I find this piece very puzzling. It seems to assume that people spend all of their waking hours at work, and that most people who work are or soon will be in systems that de-humanise in the ways that Simon describes so vividly.* Isn't the reality that for most workers, especially in the service industries, the demands aren't paricularly different than they were twenty and forty years ago? And that for most workers, much of the focus of their daily lives is external to the tasks of work? Even Amazon and Walmart warehouse slaves spend many minutes per shift bullshitting and confiding to workmates -- and after work, they have families, friends, hobbies, meals, games, and much more that gives variety and humanness to their lives. Yeah, for many (but still a minority, certainly), the workplace is a bummer, but is that different from before modern IT?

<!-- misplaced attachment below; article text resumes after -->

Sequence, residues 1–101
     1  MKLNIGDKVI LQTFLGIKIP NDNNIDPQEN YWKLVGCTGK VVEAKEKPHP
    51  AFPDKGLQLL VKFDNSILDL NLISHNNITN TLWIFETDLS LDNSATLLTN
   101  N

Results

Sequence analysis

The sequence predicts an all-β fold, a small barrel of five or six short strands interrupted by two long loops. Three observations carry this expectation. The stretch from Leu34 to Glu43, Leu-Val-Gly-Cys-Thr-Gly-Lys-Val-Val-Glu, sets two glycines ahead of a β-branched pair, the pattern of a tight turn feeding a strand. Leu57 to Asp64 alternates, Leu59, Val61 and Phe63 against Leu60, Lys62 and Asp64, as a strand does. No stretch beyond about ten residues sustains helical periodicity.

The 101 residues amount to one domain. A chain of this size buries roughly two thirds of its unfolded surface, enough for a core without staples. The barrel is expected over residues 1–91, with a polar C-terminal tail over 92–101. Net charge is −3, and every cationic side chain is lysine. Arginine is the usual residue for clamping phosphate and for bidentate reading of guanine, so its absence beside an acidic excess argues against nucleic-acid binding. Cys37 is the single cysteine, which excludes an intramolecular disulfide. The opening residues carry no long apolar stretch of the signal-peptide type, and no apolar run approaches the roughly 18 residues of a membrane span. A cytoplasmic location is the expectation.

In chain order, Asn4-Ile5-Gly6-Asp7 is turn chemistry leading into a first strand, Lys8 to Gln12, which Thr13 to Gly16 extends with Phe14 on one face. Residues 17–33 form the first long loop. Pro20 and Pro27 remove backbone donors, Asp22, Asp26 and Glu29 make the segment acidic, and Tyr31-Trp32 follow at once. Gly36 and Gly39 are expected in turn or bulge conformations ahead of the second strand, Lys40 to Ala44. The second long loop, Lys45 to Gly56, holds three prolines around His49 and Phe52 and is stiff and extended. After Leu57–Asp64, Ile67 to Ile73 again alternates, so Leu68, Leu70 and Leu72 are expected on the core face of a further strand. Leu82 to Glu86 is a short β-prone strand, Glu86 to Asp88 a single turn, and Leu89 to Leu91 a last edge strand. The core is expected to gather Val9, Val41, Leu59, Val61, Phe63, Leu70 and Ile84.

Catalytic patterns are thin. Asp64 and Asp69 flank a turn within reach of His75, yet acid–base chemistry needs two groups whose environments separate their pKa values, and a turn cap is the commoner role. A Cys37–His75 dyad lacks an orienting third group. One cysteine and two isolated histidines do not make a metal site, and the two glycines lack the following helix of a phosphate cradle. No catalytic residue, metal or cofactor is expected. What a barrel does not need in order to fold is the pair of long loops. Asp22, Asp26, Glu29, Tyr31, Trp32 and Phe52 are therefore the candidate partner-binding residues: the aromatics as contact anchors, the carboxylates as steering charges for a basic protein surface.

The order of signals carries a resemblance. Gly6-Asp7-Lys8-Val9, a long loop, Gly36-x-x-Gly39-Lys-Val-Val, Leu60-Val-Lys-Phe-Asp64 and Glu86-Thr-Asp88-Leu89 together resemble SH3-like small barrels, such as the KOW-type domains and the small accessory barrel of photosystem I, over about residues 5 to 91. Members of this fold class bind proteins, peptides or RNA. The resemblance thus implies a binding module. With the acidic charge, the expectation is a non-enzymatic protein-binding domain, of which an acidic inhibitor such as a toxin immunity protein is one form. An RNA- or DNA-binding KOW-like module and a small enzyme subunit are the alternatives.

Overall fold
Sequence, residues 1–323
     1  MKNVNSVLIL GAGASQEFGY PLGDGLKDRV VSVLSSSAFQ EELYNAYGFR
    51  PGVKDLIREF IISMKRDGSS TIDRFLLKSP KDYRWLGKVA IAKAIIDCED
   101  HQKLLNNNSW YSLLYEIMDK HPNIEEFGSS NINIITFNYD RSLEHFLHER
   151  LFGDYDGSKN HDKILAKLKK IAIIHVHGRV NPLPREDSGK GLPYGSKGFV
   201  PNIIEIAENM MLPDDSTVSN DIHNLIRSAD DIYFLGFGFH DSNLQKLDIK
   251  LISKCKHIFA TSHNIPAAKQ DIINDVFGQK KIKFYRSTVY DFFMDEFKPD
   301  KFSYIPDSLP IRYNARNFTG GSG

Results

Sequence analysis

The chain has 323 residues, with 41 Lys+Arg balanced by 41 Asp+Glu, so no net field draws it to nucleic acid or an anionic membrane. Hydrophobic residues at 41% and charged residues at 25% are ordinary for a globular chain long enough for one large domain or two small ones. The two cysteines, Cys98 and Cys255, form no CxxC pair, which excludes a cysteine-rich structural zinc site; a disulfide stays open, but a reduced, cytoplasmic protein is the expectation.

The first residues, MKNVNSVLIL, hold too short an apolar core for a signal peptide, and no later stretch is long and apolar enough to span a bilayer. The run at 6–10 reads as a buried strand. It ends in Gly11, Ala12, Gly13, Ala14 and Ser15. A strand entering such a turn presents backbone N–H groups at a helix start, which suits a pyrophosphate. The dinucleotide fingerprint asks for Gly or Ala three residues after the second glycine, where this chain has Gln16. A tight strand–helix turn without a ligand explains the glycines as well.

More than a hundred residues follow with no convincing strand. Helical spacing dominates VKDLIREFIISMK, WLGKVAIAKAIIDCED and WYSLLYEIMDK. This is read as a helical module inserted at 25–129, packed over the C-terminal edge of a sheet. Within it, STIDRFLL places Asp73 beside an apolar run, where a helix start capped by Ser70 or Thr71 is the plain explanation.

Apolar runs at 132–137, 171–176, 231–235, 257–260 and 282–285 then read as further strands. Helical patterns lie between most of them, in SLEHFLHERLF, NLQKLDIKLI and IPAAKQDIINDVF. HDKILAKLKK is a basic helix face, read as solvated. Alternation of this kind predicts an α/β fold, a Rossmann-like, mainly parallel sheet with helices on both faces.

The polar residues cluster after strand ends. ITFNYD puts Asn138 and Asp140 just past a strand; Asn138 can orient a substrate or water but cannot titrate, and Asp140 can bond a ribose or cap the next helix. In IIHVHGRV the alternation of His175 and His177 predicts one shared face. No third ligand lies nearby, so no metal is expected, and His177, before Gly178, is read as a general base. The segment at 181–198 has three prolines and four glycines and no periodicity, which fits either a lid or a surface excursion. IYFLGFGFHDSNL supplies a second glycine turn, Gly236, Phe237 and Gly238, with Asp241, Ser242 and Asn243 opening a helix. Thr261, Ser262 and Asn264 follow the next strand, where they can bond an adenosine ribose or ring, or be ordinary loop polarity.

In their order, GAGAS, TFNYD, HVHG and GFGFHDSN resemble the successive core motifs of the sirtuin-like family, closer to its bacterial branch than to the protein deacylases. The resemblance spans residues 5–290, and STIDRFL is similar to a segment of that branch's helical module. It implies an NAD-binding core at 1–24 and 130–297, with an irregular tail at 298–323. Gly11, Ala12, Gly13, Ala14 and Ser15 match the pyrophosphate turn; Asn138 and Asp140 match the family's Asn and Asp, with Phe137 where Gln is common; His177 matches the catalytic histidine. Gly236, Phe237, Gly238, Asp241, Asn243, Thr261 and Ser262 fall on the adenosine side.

*Simon quotes a Brian Arthur, describing him as a "complexity scientist". What in the world is that?